F. Gonzalez-Crussi




book review


F. Gonzalez-Crussi

WHAT DO pathologists think about when they relax after a hard day with the scalpel and, once in the author's case, entering the skull of a bear-like American Indian "only after long and arduous work with a motor-powered saw"?

Perhaps the very nature of their employ frees them from the taboos generally associated with social discussion and contemplation of our physical mortality and open-up an avenue of thought not shackled by the common niceties.

This collection of essays, already admired overseas for their (inevitable) black humour, are further memorable for their clarity, spirit of inquiry and pleasing lack of professional arrogance.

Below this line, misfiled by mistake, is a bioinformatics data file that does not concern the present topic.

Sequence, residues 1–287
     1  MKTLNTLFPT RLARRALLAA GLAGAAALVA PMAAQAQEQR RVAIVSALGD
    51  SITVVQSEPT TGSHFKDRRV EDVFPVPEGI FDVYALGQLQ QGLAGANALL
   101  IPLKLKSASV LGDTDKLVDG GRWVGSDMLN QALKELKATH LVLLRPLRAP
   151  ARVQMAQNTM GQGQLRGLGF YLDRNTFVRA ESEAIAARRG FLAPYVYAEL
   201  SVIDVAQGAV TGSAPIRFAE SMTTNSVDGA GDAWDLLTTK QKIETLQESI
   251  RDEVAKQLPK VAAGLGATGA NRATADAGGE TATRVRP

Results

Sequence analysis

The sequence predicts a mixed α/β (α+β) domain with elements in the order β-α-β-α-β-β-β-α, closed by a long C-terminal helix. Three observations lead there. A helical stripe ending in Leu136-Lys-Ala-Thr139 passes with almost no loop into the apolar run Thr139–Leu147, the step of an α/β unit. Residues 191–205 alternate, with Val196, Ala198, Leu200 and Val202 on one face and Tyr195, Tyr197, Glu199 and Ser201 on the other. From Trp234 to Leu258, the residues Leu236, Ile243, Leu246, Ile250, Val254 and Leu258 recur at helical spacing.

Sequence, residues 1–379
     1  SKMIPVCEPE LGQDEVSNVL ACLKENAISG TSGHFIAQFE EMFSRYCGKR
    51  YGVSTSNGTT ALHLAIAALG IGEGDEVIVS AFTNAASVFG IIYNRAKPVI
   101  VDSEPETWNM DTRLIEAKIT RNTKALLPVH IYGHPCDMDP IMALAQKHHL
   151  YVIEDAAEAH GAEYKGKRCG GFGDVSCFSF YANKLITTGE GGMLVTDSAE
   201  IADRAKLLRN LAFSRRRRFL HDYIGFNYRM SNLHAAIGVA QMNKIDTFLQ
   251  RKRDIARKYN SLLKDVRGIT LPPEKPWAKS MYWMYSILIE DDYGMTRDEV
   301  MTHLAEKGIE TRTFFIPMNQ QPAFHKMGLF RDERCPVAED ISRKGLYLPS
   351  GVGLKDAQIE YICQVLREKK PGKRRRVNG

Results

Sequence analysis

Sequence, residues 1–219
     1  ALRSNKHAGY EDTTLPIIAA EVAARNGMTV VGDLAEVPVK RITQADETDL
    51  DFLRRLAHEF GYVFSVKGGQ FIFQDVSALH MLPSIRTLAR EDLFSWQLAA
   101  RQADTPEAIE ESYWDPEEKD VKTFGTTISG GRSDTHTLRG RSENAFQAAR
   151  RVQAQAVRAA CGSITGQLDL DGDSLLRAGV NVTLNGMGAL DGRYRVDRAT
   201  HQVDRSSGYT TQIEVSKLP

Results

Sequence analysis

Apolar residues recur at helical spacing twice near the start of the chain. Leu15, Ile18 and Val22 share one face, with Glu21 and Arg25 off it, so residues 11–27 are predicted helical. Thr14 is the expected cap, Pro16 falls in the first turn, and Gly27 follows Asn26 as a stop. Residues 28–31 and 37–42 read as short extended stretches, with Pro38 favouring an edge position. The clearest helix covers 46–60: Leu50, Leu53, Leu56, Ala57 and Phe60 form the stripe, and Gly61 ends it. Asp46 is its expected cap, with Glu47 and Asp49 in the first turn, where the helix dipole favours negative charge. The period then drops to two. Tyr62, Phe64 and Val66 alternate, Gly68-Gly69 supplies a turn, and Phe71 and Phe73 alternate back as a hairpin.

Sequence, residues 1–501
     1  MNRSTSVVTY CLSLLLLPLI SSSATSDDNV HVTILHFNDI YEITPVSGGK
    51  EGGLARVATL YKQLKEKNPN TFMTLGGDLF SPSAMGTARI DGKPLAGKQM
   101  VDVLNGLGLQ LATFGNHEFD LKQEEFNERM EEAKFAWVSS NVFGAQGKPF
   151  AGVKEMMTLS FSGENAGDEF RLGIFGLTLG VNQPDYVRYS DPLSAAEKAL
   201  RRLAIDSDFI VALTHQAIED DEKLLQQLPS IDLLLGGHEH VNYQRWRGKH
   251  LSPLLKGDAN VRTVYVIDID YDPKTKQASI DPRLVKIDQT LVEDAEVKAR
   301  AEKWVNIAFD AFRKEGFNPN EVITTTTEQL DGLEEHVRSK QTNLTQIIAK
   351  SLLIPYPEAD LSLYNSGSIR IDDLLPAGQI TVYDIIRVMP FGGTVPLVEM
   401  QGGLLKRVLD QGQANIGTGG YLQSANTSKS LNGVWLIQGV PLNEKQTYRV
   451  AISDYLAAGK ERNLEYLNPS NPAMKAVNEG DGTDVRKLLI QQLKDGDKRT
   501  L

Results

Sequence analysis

The writer ponders subjects such as embalming (celebrating the ancient Egyptians but dismissive of the commercial orientations of modern American practices), the phenomena of twins, the strange lore of bodily appendages (giving specific reference to Gogol's nose and the buttock's lack of literary affection), plus brief pieces on 'Monsters' and the attractions of Musca domestica' – the common house fly.

But the most humane and perceptive inclusion is a discourse on child abuse, which expresses the problem in terms of a global history of control enforced by violence.

Essential wisdoms – and fresh from the slab.


mick sinclair

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